Our regular contributor Sonya Chung is interviewed in the latest issue of Bookslut, discussing her new book Long for This World. “I write novels because it’s a place where I can bring all of who I am, and what I know, and what I don’t know but want to know, into a coherent, created world.”
“We might then see the bear, and judge it best to run, receive the insult and deem it right to strike, but we could not actually feel afraid or angry.” Let’s hope you never get approached by a bear while hiking in the woods with trailblazing psychologist William James, who had some complicated ideas about feelings.
Do you want to work at The Strand in New York City? Think you have what it takes? Take this famous quiz and match each work with its author to see if you have the literary chops to pick up a paycheck from one of the United States’s most beloved bookstores.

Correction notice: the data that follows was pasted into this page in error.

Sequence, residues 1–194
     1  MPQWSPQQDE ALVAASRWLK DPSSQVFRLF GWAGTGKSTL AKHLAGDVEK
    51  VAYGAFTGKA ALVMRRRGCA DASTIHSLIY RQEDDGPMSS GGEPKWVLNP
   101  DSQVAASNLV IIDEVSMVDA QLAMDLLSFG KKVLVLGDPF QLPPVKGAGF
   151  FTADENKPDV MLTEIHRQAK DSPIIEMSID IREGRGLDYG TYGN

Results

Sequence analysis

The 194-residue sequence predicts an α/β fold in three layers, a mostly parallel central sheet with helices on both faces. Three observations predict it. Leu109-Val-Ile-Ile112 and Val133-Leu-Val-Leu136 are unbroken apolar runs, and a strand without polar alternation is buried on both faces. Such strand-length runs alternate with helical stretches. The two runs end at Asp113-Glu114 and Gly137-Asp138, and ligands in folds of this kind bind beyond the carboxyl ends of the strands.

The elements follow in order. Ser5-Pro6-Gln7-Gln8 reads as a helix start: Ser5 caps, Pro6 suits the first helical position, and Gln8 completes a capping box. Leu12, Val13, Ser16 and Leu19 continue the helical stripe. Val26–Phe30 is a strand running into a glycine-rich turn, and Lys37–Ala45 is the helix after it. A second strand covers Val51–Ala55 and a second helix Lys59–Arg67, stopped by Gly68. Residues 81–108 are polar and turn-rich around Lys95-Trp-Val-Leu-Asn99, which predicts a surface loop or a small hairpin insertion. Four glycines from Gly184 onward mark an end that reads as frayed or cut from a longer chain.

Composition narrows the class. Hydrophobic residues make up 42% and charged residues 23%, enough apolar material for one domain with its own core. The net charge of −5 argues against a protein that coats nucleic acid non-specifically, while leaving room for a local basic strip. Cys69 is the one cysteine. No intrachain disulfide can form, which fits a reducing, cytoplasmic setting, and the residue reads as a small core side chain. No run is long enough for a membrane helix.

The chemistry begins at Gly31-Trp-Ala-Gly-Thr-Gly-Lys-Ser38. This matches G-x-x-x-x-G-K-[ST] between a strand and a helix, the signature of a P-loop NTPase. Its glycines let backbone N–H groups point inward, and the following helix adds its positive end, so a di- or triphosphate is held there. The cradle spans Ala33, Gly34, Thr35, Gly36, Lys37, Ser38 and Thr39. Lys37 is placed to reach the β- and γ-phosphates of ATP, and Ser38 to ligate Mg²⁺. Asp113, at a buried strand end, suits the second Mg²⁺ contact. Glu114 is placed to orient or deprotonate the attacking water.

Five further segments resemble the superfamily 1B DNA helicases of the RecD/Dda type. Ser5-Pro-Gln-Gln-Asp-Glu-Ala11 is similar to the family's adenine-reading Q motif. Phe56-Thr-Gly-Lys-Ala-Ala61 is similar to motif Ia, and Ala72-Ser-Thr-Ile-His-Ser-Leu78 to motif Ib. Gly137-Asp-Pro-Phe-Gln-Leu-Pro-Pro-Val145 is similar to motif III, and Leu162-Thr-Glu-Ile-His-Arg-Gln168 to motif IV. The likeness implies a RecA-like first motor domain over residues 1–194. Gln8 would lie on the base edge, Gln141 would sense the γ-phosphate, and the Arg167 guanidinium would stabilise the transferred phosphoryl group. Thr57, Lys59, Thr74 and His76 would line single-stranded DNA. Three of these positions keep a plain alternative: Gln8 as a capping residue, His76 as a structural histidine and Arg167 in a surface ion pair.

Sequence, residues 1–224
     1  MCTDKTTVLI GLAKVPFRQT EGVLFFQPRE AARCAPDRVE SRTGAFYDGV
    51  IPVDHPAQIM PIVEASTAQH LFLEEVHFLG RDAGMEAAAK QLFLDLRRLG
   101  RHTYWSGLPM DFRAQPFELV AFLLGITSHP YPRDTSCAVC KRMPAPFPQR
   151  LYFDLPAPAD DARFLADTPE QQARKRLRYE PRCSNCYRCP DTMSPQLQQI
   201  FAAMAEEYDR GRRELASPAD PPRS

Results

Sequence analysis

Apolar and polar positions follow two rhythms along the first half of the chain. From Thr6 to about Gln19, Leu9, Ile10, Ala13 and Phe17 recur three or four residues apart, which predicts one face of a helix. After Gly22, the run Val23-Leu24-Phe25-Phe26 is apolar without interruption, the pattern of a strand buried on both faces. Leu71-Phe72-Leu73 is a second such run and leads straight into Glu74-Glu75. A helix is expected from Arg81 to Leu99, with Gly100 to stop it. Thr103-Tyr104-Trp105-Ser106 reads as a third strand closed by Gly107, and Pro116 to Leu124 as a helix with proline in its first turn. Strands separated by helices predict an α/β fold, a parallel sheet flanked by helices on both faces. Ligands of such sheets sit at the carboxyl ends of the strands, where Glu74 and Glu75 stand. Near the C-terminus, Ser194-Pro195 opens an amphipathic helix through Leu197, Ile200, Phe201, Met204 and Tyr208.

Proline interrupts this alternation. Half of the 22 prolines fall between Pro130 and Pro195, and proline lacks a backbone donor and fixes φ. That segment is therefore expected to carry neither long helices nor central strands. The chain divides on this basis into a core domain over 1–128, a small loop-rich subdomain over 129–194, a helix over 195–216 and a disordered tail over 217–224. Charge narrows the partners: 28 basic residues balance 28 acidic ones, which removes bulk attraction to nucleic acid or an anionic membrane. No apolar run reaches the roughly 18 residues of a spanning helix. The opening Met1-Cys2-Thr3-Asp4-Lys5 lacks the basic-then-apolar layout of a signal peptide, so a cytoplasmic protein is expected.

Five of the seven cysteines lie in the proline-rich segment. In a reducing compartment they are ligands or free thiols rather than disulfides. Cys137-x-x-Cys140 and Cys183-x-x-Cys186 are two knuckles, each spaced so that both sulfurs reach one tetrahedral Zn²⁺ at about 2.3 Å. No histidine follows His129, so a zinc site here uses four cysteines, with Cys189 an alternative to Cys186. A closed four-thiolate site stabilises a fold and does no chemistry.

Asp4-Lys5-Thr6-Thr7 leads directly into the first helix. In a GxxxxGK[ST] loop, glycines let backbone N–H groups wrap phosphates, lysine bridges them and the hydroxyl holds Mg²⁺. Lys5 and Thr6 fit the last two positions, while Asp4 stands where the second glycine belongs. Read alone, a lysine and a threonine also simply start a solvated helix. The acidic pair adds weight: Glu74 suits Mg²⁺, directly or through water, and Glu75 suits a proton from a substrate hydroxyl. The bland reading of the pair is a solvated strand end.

“So much has been written about New York City as a city of histories—rich and public, deep and private. Commerce and bodies ebb and flow. For every New Yorker, there is a ghost city under the tangible one; this second, invisible layer contains the tangled web of memory and geography. I certainly have my fair share of associative ghosts; we all do. But New York City is also a city of forgetting, for better and for worse, and often against our best wishes.” Anna Wiener on the coping strategies of New Yorkers.
In order to prolong the conversation around his Atlantic cover story, “The Case for Reparations,” Ta-Nehisi Coates recently took to Twitter to engage in a Q&A session with his readers. You can scroll through the entire exchange over here. Coates was also interviewed by Ezra Klein for Vox this week, and the resulting video is probably the most valuable piece of content that site has produced since its inception.